It might be a tough request for many to accept, considering Frontier declared bankruptcy in 2020 after receiving more than $180 million in federal funds from 2015 to 2020 to upgrade its internet service in Wisconsin.

The bankruptcy came after Frontier established a less-than-stellar reputation among Wisconsin residents, who for years have complained about the company’s tortoise-like internet speeds and frequent phone outages preventing customers from making emergency 911 calls.

Nationally, Frontier’s reputation also has taken hits.

It finishes near the bottom of a ratings survey of telecommunications companies by Consumer Reports, and the Better Business Bureau gives the company a grade of F. And states like Minnesota and Connecticut have investigated the company’s business practices.

Then, in May, Wisconsin, five other states and the Federal Trade Commission announced they were suing Frontier in a federal court in California, claiming the company failed to provide customers with the internet speeds Frontier originally promised. The company has about 80,000 customer accounts in Wisconsin, a company spokesman told The Badger Project last year.

“I hope the state will seriously consider the track record of companies to understand which ones have a long record of meeting the needs of residents and businesses,” Christopher Mitchell, director of the Community Broadband Networks Initiative, a Minnesota-based think tank supporting communities’ telecommunications efforts, said in an interview with The Badger Project.

“Frankly, Frontier’s record suggests it should not receive a single additional dollar from any government,” he added. “Local companies, communities, and cooperatives have proven to be much better at turning public subsidies into needed networks.”

Earlier this month, a federal judge dismissed Wisconsin and four other states from the litigation, but the claims of the FTC and California will move forward.

In an email response to questions, Frontier spokeswoman Brigid Smith said, despite bankruptcy, the company has honored its obligations required by federal funding. She added that “Frontier has been awarded state broadband grant funding in numerous states and has fulfilled its grant obligations in all of them.”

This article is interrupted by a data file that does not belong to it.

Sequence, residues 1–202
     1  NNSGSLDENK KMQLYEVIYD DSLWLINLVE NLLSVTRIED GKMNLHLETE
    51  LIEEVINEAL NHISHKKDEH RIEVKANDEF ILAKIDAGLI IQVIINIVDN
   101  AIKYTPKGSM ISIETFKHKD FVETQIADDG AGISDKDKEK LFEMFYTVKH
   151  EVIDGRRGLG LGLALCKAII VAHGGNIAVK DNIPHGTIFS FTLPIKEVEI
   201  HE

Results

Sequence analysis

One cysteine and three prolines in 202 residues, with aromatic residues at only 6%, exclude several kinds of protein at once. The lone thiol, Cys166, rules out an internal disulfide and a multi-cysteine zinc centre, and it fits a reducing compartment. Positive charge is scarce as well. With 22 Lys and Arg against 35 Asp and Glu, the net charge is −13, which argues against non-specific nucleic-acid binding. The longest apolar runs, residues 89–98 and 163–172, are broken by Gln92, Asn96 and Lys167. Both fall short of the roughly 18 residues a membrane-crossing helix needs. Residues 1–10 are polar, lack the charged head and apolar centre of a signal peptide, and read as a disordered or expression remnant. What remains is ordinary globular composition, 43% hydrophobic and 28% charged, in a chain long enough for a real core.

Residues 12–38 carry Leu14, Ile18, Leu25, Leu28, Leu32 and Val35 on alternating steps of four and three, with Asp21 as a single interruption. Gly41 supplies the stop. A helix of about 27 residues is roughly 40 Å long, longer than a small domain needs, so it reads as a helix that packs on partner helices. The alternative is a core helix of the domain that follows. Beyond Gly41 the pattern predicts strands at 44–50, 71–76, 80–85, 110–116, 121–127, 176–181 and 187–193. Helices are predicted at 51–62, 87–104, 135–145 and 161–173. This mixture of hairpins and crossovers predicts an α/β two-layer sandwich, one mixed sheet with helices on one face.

And she said the company’s DSL internet speeds “have been clearly and accurately described in our marketing materials and disclosures.”

Frontier emerged from bankruptcy earlier this year and said in a press release it would upgrade millions of its internet accounts across the country to modern fiber optic cables from the old and slow copper phone wire.

The company is making its case to the Wisconsin Public Service Commission, which distributes the grants for high-speed internet expansion. The PSC awards funding based on several criteria, including whether a project is in an area unserved or underserved by internet providers, said PSC spokesman Jerel Ballard said.

The PSC also considers grant projects based on scalability, impact, matching funds, applicant capacity and performance, service affordability, economic development and public-private partnership, Ballard added.

To date, Frontier has received about $200,000 in Wisconsin state grants for one project in the Wausau-area community of Weston, which included construction of a 10-mile fiber optic line. That money was distributed in 2017 and the project was completed, town chairman Milton Olson said in an email.

Overall, Wisconsin has distributed about $72 million in broadband expansion grants to a number of companies and the state legislature continues to give the PSC more funding to expand the effort.

On top of the state program, Gov. Tony Evers announced in May he was setting aside $100 million in federal funds for high-speed internet expansion. The state then received about $440 million in requests from telecommunications companies including Frontier.

Those also include a proposal from the Eau Claire-headquartered WIN Technology, which has a fiber optic network across much of Western Wisconsin and is owned by 31 independent telephone companies. WIN asked the state for more than $77 million.

Spectrum and TDS asked for about $39 million and $29 million, respectively.

The PSC said it will likely decide on grant winners by the end of this month.

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